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At a time when economists are lamenting a prolonged lapse into slow growth and incremental innovation, Boston Consulting Group is taking a different tack. Based largely on its survey of 1,512 executives at a range of companies worldwide, it concludes that innovation and the "fundamental drivers of growth are stronger than they have ever been in human history."
BCG roughly defines innovation as the ability to create value from new ideas, "whether those ideas are new to the world or new to a particular company." Seventy six percent of the executives the consulting firm surveyed last year ranked innovation as a top three strategic priority, the highest level in the survey's eight-year history, and 24% ranked it as priority No. 1. The executives are putting their money with their mouths are: 69% say their companies will increase their spending on innovation this year, the highest percentage in six years and up from 61% in 2010, the last time BCG conducted its survey.
Companies in emerging markets put even more emphasis on innovation than those in developed markets: 90% of Indian executives and 89% of South American executives, for example, rank innovation as a top three priority, compared with 66% of U.S. executives. Within Europe, executives in Germany are the most bullish on innovation; execs in Italy and Spain the least.
Having just written a column on this subject, arguing that innovation is alive and well despite rampant pessimism, I endorse BCG's optimistic conclusions. However, the firm's choices for the 50 most innovative companies in the world, a ranking it bases on its executive survey and its own analysis of the companies' financial returns, is thin. (Access the full report and ranking here.)
For one thing, 13 of the top 15 companies on its list hail from just two industries: technology and automotive. Now no one's a bigger fan of tech industry innovation than I am, but to posit that the world's top seven innovators come from this one industry suggests that the ranking is more about brand equity -- which companies are top of mind for global executives -- than it is the result of a rigorous, industry-by-industry analysis of who's producing the most compelling products and services.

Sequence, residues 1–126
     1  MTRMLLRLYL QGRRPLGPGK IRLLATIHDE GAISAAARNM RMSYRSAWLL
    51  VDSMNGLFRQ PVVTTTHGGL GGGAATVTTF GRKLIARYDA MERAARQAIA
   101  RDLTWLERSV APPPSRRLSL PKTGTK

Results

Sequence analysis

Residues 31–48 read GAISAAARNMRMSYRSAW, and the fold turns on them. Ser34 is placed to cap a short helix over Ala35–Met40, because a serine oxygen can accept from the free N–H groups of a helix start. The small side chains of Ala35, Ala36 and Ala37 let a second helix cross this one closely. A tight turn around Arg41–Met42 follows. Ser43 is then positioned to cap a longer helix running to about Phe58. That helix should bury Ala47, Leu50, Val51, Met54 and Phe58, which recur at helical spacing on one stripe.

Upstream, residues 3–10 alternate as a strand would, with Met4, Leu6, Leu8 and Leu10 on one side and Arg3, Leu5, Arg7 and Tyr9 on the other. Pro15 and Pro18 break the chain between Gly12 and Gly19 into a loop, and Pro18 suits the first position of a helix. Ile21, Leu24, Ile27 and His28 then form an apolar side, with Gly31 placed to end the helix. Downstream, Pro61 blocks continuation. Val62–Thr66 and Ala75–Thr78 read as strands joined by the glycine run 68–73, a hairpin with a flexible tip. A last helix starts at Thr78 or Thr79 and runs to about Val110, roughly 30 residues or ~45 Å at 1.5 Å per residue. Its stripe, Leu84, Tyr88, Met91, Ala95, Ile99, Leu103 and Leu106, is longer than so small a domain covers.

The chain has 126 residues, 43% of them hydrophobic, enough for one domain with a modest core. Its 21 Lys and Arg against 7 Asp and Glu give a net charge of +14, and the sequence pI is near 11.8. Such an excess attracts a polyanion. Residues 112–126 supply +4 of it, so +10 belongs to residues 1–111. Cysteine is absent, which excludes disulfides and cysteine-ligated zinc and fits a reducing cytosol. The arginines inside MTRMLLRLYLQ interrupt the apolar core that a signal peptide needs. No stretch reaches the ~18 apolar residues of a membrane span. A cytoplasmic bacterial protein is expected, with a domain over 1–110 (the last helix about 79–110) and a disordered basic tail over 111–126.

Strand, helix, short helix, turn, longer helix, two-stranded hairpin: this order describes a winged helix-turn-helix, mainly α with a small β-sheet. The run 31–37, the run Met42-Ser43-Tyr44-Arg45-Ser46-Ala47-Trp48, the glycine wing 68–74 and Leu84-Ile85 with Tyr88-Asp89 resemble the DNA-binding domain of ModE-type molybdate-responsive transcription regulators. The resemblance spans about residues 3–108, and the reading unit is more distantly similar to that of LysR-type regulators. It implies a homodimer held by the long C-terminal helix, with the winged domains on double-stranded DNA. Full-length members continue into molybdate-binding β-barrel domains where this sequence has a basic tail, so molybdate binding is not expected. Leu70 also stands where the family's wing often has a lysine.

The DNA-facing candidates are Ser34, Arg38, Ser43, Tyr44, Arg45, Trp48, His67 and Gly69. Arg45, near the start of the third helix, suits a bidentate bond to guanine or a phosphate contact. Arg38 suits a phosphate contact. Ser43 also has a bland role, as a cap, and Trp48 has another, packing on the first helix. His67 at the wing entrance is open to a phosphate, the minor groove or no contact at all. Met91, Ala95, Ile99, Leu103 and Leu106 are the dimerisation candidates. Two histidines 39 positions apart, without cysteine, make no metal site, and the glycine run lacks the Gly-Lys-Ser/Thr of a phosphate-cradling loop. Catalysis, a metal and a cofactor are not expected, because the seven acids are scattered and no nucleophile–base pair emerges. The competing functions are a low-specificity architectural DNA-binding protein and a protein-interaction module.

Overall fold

Apple, for instance, has been No. 1 on the list for the past seven years. That's fine for one, two or three of those years, but seven in a row? The iPhone, iPad and app store constructs were indeed game-changing innovations in their day, but Apple's continued dominance of BCG's innovation list is more a reflection of its world-beating market cap and high profile than its ability to keep producing truly new, category-redefining products.
The top auto industry innovators? Hyundai, Toyota, Ford, Kia and BMW, lined up one after another from Nos. 10 to 14. Yet Toyota continues to be rattled by quality defects and recalls. Meantime, show us the seminal innovations in 2012 from the likes of No. 17 Coca-Cola (caffeine-free Diet Cherry Coke?), No. 18 Dell (a nice consolidation of its market position, but …), No. 20 Wal-Mart (more everyday low prices?) and No. 30 Anheuser-Busch (Bud Light Lime?).
BCG's top 50 ranking is heavily skewed toward just four industries: top heavy on technology and automotive, plus industrial products/processes and consumer/retail. No pharma, no healthcare, no agriculture, no logistics. Only one company on the list (Shell, at No. 35) comes from energy, despite industry-wide breakthroughs for tapping billions of gallons of previously inaccessible oil and gas reserves, portending a shift in the global balance of power. The only company from financial services, an industry on the cutting edge of tech-based innovation, is HSBC (No. 28), in a year in which the bank agreed to pay a record $1.92 billion fine for money laundering. Perhaps its legal defense, resulting in no executive indictments, was considered innovative.
Noting the absence of pharma companies in its ranking, BCG cites the industry's "risk-averse culture" since 2007, when five such companies -- Amgen, Genentech, Johnson & Johnson, Merck and Pfizer -- graced its list. The reason for that caution? "Significantly more commercial and regulatory uncertainty and the rise of more difficult-to-treat chronic diseases," the firm says. BCG calls out Pfizer, which increased its R&D spending from $8.1 billion to $9.1 billion between 2007 and 2011 but reduced that spending as a percentage of revenue.
What about the myriad breakthroughs, many of them tech-based, at healthcare providers such as University of Pittsburgh Medical Center, Beth Israel Deaconess Medical Center and Memorial Sloan-Kettering Cancer Institute? Even if they're not all public, they have a public track record of product and service innovation.
No ranking is perfect and innovation can be a mercurial concept. BCG deserves credit for calling attention to innovation on a global scale. At the inaugural InformationWeek CIO Summit, to be held May 8 in Las Vegas in conjunction with Interop, we'll bring together leading executives to discuss the CIO's and IT organization's critical role in driving innovation. Drop me a note at the address below if you're interested in participating in this important conversation.